News Feature | March 15, 2016

GSK Sets 2017 Trials For Electroceuticals For Chronic Diseases

By Jof Enriquez,
Follow me on Twitter @jofenriq


British pharmaceutical firm GlaxoSmithKline (GSK) is deepening its commitment to bioelectrical medicine by scheduling clinical trials next year to test how effectively tiny electrical implants can treat at least three chronic diseases.

The trials for the unspecified conditions — which include one autoimmune disorder and one metabolic disease — would commence in 2017 and results will be available within three years, GSK Vaccines Chairman Moncef Slaoui told IEEE Spectrum. He said that GSK initially is focusing on tiny devices implanted on peripheral nerves of the body to treat a range of conditions, rather than controlling brain signals, which are "orders of magnitude" more complicated.

Bioelectric implants — also known as electroceuticals — are tiny devices, as small as a grain of rice, that are attached to a nerve to read and modulate electrical signals generated by the body's nervous system. These devices offer the promise of targeted treatments, affecting only a specific organ without the side effects commonly associated with traditional pills and injectable drugs.

"Future bioelectronic medicines will detect the action potentials in peripheral nerves and selectively and specifically block or alter these signals. Interventions that speak the electrical language of the body will become central treatments in a host of major chronic diseases such as diabetes, asthma, hypertension, arthritis, pain and possibly even cancer," GSK states on its web site.

Medical devices that utilize electrical impulses (neurostimulation devices) to treat symptoms of conditions such as Parkinson's disease and epilepsy are nothing new, but are yet imprecise and are associated with unwanted side effects.

"At present, electrical devices activate or inhibit cells in an area of tissue indiscriminately, muddying clinical effects," explains a GSK paper on the topic. "For example, electrodes that stimulate the vagus nerve enclose approximately 100,000 fibres, which innervate many different internal organs. Similarly, deep brain stimulation for Parkinson’s disease affects many cells other than those that control movement, leading to emotional and cognitive side effects."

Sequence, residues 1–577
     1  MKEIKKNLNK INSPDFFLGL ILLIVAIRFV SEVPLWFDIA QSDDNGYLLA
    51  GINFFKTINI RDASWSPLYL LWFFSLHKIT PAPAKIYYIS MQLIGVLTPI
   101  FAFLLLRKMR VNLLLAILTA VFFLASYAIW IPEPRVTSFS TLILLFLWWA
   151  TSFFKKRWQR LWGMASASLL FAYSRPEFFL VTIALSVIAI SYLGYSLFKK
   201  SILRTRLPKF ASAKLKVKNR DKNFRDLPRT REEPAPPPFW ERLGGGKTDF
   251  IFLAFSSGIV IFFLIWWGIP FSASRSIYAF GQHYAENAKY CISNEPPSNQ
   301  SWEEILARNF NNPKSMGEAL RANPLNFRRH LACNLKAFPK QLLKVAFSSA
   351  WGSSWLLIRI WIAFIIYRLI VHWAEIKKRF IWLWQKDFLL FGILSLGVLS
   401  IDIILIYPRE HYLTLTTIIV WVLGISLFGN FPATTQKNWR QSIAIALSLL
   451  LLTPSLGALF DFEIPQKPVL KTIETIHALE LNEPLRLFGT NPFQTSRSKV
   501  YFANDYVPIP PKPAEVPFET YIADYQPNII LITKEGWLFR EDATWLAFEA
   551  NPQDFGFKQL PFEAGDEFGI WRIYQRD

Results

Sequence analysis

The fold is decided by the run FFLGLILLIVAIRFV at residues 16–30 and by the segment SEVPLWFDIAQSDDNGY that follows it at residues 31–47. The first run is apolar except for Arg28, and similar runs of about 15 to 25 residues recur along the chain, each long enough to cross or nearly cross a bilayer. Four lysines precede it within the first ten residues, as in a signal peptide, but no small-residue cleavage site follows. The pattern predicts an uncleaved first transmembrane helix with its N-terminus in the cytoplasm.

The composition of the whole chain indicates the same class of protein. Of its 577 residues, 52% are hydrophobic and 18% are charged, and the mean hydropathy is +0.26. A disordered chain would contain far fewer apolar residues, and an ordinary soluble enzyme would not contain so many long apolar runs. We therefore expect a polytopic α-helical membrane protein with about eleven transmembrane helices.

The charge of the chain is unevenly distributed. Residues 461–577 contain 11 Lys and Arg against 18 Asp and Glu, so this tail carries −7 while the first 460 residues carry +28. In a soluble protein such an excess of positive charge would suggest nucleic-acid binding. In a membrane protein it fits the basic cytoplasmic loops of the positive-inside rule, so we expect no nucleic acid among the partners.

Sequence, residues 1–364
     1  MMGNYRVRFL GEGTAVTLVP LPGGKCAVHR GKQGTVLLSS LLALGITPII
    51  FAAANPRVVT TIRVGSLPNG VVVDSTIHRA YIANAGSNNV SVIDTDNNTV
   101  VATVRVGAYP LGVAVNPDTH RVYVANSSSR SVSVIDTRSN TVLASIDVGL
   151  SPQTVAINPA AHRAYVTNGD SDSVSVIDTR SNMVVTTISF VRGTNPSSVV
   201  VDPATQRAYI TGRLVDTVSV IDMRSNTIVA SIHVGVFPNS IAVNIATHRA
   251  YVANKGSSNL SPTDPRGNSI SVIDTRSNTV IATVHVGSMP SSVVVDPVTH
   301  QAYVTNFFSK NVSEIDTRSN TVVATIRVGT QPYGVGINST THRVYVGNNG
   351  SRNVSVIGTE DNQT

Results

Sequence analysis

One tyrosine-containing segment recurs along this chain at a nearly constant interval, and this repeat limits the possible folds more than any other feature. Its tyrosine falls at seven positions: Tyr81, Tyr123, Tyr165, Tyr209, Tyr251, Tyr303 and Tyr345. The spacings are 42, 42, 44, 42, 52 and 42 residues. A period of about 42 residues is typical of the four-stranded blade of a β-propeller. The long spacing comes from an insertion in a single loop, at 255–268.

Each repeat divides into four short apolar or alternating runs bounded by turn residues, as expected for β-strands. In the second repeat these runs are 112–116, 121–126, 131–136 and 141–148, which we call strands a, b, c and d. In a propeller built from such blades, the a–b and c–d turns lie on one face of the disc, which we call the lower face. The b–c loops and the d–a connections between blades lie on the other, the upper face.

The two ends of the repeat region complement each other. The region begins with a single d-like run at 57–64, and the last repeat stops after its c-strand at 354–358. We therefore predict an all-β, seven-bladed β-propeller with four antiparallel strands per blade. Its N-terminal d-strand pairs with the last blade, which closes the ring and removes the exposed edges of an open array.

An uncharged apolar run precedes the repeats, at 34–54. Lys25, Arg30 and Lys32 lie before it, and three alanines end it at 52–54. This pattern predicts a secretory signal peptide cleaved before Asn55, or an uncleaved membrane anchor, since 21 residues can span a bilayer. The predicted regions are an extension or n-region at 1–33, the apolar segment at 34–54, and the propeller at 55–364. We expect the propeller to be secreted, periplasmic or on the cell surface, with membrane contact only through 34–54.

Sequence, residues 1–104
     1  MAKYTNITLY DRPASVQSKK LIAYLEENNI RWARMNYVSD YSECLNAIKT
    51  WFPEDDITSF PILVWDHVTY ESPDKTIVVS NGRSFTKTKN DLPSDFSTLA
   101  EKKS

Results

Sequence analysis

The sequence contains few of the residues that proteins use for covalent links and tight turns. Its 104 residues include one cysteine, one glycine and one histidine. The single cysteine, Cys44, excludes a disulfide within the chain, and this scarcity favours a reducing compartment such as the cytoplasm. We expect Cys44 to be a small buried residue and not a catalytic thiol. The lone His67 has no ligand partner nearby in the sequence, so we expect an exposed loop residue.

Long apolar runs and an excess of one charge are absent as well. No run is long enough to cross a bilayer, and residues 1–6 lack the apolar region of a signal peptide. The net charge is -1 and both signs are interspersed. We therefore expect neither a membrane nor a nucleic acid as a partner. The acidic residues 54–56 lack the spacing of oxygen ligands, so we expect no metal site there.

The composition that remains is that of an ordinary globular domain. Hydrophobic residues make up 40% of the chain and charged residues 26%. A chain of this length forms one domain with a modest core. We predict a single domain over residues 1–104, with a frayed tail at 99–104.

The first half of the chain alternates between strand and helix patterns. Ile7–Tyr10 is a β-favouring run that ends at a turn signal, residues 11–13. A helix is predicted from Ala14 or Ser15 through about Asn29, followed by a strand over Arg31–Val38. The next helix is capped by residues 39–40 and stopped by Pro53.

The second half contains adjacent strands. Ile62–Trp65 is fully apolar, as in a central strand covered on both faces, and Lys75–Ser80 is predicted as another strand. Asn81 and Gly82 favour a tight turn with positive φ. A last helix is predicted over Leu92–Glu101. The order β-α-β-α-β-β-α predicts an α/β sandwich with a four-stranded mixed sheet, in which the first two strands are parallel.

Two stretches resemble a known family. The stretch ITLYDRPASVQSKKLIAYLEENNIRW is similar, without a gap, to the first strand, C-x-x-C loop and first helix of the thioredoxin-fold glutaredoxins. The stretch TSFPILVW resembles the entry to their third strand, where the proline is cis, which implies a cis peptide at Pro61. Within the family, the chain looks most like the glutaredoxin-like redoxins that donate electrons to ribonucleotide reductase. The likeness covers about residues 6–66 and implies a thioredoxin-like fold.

In order to avoid these side effects, the company says researchers are developing devices that target individual neurons in a specific circuit, modulating the action potentials that flow through these neurons.

GSK is deeply committed to this emerging area of medicine. The company created the $50-million Action Potential Venture Capital fund to support startups that research and develop bioelectronic devices. A notable investment is SetPoint Medical, which makes a neuromodulation implant that stimulates the vagus nerve to treat autoimmune disorders.

Since 2013, GSK has funded at least 50 labs and startups, including earmarking a $1 million dollar prize for innovation in the emerging area of bioelectronics research. According to IEEE Spectrum, Slaoui says three finalist teams are competing for the prize, and he hopes to announce the winner within the next 12 months.

In addition, early this year, it was reported that GSK is talking to Qualcomm about a medtech joint venture to develop pharma-related "new technology" that could involve electroceuticals.

This field is a long-term bet, and technical challenges remain, such as developing biocompatible, miniaturized chips and tiny electrodes that can interface with a single nerve, as well as making wireless power sources for the implants, because traditional embedded batteries produce heat that could damage sensitive nerve and tissue, notes IEEE Spectrum.

But GSK hopes to take opportunities early on, with hopes of revolutionizing medicine. Already, Slaoui envisions laparascopic surgeries to implant the tiny devices becoming routine.

“We want to make bioelectric medicine something that happens in the doctor’s office rather than the hospital,” Slaoui told the publication. “You punch a little hole, and [the robotic tool] uses a “smart” head with a camera to find its way to the viscera, then a tool grafts the electrode to the nerve. You can walk out 10 minutes later.”